Do I enjoy peptides and collagen within my skincare routine? Yes. Do I anecdotally find they give me smoother, plumper skin? Absolutely. Are there enough studies out there for me to say that applying these expensive ingredients topically will encourage collagen production? Nope. Therefore, proceed at your own risk (or, I guess, at your bank balance's risk). Personally, I think that if you don't have a ton of money to spend on skincare and you just want to invest in what science has proven time and time again the efficacy of: get yourself a sunscreen that's broad spectrum SPF 50 and comfortable to wear on an everyday basis (so no white cast, thick textures or pilling up - personally I recommend Korean brands, as you can get this for under £20) and a form of retinoid. Sunscreen is preventative measure, so it's not going to reverse ageing, but it's never too late to avoid further environmental damage to the skin. Retinoids are the only ingredient that studies have pretty conclusively determined can increase collagen production and repair damage already done to the skin. If you see products making these claims that don't involve sunscreen or retinoids: it's just marketing, what they're probably doing is just moisturising or hydrating the skin which can sometimes plump out the look of fine lines but it's a temporary effect as opposed to reversing the signs of ageing. 

Skincare alone will just 'cure' acne

A good skincare routine is definitely critical in the battle against acne at any age, but what I'm really getting at here are brands flogging very expensive skincare systems for acne, advertising them with suspicious 'before and after' images (you know the ones: in one image the teenager is plagued by painful cystic acne and in the second their skin is entirely clear and flawless). For me, it's morally reprehensible to prey on the deepest vulnerability many people have (particularly when it comes to teenagers, who are a little more naive), promising perfect skin for the small price of £150, split into 6 easy payments... Scarring, texture and relapses are all expected parts of most people's acne journey; it's a chronic condition, at the end of the day. I honestly think most of these products are very strong and harsh and don't come with sufficient warnings. They often contain lots of fragrance (which is really not great on acne), have substandard formulations and probably aren't suitable for daily use. Personally, I'd recommend saving your money and visiting your GP to get referred to a dermatologist who can walk you through your options if acne is having a negative impact on your self-image and confidence. Not all acne is going to be responsive to topical treatments or the strength of product you can buy in the beauty aisles, so it's worth a shot and in the very least you'll get some recommendations on the formulas a professional has found to be effective for their patients. 

Everyone should avoid all types of fragrance in skincare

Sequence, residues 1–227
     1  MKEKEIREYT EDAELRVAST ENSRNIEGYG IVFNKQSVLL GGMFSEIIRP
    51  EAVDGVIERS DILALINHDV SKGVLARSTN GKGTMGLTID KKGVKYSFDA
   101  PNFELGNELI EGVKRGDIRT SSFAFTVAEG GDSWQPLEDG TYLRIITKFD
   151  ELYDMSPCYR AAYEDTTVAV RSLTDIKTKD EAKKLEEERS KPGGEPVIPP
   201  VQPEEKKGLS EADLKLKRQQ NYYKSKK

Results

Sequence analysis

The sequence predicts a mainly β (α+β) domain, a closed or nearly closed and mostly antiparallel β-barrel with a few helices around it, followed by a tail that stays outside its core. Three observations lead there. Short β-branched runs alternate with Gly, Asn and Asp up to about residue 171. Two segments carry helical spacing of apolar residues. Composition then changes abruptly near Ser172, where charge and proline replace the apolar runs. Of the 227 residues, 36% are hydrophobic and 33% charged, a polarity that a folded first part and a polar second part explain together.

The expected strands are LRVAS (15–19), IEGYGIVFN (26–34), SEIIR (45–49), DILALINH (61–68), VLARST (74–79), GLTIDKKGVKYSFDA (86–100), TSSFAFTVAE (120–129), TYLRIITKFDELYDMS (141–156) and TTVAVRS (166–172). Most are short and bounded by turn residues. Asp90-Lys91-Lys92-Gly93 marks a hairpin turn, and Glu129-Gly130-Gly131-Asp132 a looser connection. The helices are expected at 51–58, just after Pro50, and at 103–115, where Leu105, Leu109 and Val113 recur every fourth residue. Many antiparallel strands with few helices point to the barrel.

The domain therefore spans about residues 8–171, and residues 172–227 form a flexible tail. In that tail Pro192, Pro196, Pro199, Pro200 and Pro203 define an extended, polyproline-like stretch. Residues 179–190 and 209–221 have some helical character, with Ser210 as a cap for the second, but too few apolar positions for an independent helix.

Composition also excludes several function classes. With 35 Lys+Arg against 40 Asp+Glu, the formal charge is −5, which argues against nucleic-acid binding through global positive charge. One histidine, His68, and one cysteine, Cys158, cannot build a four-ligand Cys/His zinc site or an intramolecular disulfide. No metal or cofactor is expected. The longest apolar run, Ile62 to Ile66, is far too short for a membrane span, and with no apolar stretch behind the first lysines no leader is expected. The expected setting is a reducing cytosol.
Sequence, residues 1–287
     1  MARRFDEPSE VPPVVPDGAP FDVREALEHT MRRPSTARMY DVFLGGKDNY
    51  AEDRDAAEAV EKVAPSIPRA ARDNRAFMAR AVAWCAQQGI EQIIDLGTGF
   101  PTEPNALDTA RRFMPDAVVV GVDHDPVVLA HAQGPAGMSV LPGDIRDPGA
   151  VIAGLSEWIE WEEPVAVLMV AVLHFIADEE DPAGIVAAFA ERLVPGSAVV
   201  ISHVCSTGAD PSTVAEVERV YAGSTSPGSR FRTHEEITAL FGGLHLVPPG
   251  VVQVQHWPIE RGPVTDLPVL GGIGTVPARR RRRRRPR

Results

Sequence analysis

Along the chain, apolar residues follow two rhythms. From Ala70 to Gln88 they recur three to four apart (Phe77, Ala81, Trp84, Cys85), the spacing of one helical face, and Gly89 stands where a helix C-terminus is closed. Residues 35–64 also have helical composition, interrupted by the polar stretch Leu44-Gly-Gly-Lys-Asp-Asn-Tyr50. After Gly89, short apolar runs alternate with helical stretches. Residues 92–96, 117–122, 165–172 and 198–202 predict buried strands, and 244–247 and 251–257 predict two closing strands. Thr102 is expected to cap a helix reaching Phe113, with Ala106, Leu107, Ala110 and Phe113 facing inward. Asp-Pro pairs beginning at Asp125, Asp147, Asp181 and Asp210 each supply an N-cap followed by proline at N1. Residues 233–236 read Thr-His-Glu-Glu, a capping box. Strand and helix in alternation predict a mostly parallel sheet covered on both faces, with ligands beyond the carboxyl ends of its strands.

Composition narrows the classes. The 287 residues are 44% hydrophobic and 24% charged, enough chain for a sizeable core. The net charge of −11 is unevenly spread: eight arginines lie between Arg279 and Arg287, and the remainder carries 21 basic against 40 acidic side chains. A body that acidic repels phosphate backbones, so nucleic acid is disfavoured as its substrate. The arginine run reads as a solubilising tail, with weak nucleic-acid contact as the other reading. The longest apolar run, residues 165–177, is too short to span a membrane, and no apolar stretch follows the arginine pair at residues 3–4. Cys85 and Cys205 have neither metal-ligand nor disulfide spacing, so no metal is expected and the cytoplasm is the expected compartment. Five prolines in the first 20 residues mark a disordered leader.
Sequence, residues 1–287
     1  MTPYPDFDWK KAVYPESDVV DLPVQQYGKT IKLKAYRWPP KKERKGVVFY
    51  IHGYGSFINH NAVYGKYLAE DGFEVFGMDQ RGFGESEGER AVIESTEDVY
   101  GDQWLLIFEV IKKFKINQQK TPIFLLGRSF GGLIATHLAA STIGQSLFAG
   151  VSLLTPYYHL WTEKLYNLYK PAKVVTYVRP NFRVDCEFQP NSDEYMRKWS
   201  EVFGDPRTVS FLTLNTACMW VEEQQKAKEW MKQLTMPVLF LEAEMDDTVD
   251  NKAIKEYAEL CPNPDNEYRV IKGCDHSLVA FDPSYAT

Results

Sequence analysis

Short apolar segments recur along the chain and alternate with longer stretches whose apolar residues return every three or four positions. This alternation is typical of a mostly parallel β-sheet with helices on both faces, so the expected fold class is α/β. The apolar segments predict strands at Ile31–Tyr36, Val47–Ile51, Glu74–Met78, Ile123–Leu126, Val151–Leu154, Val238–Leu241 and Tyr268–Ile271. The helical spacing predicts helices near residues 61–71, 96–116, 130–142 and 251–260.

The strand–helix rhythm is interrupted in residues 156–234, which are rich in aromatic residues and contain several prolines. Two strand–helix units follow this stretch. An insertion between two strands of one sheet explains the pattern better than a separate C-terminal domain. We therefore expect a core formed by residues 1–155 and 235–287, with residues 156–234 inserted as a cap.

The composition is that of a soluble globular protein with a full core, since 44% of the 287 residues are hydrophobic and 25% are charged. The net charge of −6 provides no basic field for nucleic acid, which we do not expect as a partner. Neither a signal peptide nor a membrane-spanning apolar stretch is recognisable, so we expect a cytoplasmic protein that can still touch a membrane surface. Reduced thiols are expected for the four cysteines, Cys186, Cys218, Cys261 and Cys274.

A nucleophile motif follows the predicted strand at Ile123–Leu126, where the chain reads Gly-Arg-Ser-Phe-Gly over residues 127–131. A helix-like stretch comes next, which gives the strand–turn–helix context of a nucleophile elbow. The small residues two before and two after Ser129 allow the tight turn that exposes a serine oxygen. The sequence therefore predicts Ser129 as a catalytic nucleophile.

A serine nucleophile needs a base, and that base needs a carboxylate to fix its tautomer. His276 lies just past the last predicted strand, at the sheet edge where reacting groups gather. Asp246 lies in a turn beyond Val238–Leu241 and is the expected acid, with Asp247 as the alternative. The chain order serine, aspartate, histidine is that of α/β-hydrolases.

This is an entire can of worms in and of itself! The popularity of the likes of Hyram and Dr Dray (who is in fact a dermatologist so her opinion definitely holds weight for me, but there are also other dermatologists and cosmetic chemists who disagree with her stance on this, so you have to weigh up these professional opinions against each other) have led to a blanket demonisation of fragrance. I totally get that many people want to err on the side of caution and a dermatologist like Dr Dray sees a lot of serious skin complaints, so of course she isn't going to recommend using products that could contribute towards that, even if the majority of people won't have that reaction. I know Hyram (who I do love!) is all about 'ingredients don't lie' but personally, I think that looking at an INCI list is a bit of a flawed approach to deciding whether a product is good or not, because this tells you nothing about formulation. Likewise, there are now so many people on the internet who decide a product is complete trash just because it contains fragrance, and frankly; it's exhausting. Very few people as a percentage of the population, based on my research, develop fragrance allergies. Personally, if my skin is already irritated; I don't use fragrance, just like I don't use strong AHAs or retinol, because I want to focus on calming things down and replenishing the barrier. That doesn't mean all such ingredients are evil all the time. Just do your own research and draw your own conclusions as opposed to parroting what you've heard from the extreme end of the scale at everyone who dares recommend a product that contains fragrant components on social media.

People of Colour don't need to wear sunscreen

I honestly believed this until embarrassingly recently... Whilst it's true that the average caucasian skin gives a natural SPF of under 5 vs. black skin having around SPF 13, that's still incredibly exposed compared to skin protected by sunscreen. Dark skin can still age and can still suffer burning, and the worst-case scenario: melanoma. Everyone needs sunscreen and if you're worried about white cast, again I really recommend the Korean brands.

What are your thoughts on these skincare topics? Are there any skin myths you want to put to bed?